A city that was once known to have ‘natural air-conditioning’ is now burning in the heat of rising temperatures. And nowhere is the heat felt more than by a pile of burning garbage.
Over the past few years, we have seen Bangalore’s air pollution increasing. Particulate matter on Bangalore’s busy roads is 6 times the limit prescribed by the World Health Organisation.
Garbage burning greatly contributes to existing urban air pollution which is known to reduce the lives of Indians by over 3 years. The cocktail of toxins released by garbage burning is much more harmful than toxins found in industrial areas. Here are some examples:
- Acids and other toxins emitted can increase the breathing difficulty among many, in turn increasing heart risks.
- Heavy metals such as mercury are highly toxic, and can accumulate in the body, causing organ failure and death. Lower levels can cause respiratory/ intestinal problems, issues with growth and development in children.
- Polyvinyl chloride is a material found in children’s toys and a variety of other household products. It forms dioxins when burned, which are very toxic. Dioxins can cause growth defects and cancer in children.
- Children are more vulnerable to the ill-effects of garbage burning in comparison to adults. According to doctors, children’s lungs are in the development stage and smaller in size and therefore more prone to breathing problems and asthma. Constant exposure to the smoke leads to asthma being carried on to adulthood. This is worse when plastic is burnt as it increases the number of carcinogens.
The burning of garbage represents a whole systems failure.
It happens when there’s overconsumption, littering, not enough waste segregation, too few sorting facilities, and more.
The only kind of waste that gets burnt is the mixed waste. This is the dirty unsegregated waste that has been thrown on the ground or collected in plastic bags from houses. So mixed waste has no destination other than dumping.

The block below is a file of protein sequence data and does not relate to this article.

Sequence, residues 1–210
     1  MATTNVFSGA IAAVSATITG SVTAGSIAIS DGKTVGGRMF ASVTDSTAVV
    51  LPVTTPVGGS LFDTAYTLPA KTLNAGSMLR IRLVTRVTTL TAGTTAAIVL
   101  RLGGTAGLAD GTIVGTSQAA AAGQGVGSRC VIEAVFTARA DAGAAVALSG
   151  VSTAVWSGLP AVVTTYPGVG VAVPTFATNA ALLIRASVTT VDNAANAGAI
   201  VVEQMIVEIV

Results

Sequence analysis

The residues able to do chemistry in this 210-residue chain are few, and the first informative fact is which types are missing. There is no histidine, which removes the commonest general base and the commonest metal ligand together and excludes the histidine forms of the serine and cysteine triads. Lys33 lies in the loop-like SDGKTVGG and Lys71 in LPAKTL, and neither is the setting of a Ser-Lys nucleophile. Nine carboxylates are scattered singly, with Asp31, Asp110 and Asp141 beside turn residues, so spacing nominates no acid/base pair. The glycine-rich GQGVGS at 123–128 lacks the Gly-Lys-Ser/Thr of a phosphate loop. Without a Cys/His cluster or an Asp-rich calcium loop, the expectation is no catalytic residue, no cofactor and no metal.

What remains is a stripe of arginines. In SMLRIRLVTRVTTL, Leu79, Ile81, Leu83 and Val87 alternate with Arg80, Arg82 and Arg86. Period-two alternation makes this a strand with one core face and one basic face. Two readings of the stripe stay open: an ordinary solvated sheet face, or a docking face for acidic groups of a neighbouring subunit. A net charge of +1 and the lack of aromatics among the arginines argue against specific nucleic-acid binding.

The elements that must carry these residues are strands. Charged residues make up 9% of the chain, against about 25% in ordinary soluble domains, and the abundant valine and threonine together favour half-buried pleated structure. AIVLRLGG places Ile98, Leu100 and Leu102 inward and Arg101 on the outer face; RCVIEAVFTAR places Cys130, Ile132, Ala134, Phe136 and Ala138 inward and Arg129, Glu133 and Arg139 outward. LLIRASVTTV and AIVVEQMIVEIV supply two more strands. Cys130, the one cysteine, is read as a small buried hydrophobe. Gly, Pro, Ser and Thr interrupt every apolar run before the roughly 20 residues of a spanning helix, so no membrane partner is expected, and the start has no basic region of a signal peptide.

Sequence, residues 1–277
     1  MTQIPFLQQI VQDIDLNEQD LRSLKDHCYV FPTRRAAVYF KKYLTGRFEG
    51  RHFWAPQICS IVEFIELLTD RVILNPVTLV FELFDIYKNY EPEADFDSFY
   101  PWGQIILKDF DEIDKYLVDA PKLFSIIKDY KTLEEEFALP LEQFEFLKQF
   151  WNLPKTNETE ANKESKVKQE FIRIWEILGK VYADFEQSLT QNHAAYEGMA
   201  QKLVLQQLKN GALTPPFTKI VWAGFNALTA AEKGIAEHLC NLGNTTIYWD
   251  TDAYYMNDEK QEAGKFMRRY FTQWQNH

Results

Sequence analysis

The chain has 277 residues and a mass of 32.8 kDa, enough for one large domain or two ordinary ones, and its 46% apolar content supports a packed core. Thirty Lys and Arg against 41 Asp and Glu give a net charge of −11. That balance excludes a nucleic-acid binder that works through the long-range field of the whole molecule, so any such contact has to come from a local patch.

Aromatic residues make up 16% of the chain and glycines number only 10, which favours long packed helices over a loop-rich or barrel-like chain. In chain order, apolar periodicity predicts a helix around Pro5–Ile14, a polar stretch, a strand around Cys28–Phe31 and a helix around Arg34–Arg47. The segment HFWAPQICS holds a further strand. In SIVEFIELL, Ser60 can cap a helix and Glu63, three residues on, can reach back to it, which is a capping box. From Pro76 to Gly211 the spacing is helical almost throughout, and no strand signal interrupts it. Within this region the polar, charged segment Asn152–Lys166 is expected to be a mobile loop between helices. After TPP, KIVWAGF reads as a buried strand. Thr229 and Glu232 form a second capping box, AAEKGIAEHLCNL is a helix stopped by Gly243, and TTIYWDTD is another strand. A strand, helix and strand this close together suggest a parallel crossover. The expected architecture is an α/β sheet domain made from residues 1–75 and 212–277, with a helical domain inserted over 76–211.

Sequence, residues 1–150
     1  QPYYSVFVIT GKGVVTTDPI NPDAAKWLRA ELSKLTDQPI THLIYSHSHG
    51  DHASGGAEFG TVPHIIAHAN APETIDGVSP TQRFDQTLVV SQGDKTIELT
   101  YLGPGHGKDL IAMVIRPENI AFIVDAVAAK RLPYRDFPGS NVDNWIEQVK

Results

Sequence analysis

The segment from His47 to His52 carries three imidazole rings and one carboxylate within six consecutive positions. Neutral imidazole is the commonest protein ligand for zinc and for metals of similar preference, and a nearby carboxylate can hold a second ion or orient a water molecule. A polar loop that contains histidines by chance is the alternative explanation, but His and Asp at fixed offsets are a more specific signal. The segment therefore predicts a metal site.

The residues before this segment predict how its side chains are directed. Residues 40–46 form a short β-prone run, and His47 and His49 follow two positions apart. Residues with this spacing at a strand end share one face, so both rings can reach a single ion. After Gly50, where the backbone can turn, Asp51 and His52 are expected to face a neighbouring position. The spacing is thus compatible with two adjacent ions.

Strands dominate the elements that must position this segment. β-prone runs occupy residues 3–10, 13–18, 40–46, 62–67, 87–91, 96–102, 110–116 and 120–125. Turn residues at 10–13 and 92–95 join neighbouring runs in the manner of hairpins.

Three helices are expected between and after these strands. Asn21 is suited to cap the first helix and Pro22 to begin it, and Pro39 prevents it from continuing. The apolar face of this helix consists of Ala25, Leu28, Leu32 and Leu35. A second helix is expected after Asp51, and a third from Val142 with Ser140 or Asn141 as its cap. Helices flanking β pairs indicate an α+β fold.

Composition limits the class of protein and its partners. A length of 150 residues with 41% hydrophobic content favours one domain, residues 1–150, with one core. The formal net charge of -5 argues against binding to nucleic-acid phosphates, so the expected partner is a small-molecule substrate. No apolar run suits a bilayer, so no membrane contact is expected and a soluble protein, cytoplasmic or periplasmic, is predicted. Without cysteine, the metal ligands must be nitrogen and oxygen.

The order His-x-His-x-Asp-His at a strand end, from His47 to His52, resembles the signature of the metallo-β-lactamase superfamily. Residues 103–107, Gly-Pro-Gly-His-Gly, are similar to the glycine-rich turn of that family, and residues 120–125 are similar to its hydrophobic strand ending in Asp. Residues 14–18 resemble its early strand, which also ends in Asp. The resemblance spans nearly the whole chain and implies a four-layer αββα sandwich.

It’s not just proactive citizens that can stop the burning of garbage, the BBMP must also ensure that under no circumstances is garbage burnt. The BBMP must ensure that offenders are held accountable for the act of burning. They must be punished. BBMP must also make sure that efficient and timely door-to-door collection is offered to every resident. While Bangalore still has a long way to go, the BBMP has shown seriousness in addressing this issue. The recent plastic ban is just one powerful example of the many improvements to Bangalore’s waste management system that have been undertaken.
Campaigners at Jhatkaa.org met with the BBMP Joint Commissioner Mr. Sarfaraz Khan last week. He told us that the BBMP is against garbage burning, but some contractors are still doing so. He also said he is going to penalise contractors whenever a report is sent on the WhatsApp number 7676-022-555.
What you as a citizen can do
Jhatkaa.org in collaboration with The Logical Indian is running #BangaloreIsBurning campaign to end open garbage burning in Bangalore.
We have created an online map where each of the violations reported so far can be seen. It is important for the people of Bangalore to understand how widespread the issue is.
So now, whenever you see garbage burning, click a photo on your phone and send it to us on WhatsApp on 7676-022-555. We will be following up with the Joint Commissioner to ensure he keeps his word.
You can also show your support to the campaign by giving a missed call on 9590-46-1100, it will just take a minute but will go a long way in terms of impact or you can sign the petition here.
Garbage burning should not be tolerated at any cost. It is toxic and unnecessary. We already have 4 Indian cities on the list of 10 most polluted cities in the world. Let’s not add Bangalore to that list.
Written By Divya Narayanan